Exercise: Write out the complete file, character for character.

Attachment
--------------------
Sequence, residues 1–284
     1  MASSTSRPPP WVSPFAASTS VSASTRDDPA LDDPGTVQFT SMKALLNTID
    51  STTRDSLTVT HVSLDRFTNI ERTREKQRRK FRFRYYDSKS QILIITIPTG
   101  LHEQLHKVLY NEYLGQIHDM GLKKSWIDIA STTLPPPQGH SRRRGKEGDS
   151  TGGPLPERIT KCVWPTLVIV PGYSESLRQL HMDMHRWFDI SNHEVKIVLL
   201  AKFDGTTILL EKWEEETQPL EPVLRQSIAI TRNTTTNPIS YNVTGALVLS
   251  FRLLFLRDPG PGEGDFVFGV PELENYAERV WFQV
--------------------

Sequence, residues 1–284
     1  MASSTSRPPP WVSPFAASTS VSASTRDDPA LDDPGTVQFT SMKALLNTID
    51  STTRDSLTVT HVSLDRFTNI ERTREKQRRK FRFRYYDSKS QILIITIPTG
   101  LHEQLHKVLY NEYLGQIHDM GLKKSWIDIA STTLPPPQGH SRRRGKEGDS
   151  TGGPLPERIT KCVWPTLVIV PGYSESLRQL HMDMHRWFDI SNHEVKIVLL
   201  AKFDGTTILL EKWEEETQPL EPVLRQSIAI TRNTTTNPIS YNVTGALVLS
   251  FRLLFLRDPG PGEGDFVFGV PELENYAERV WFQV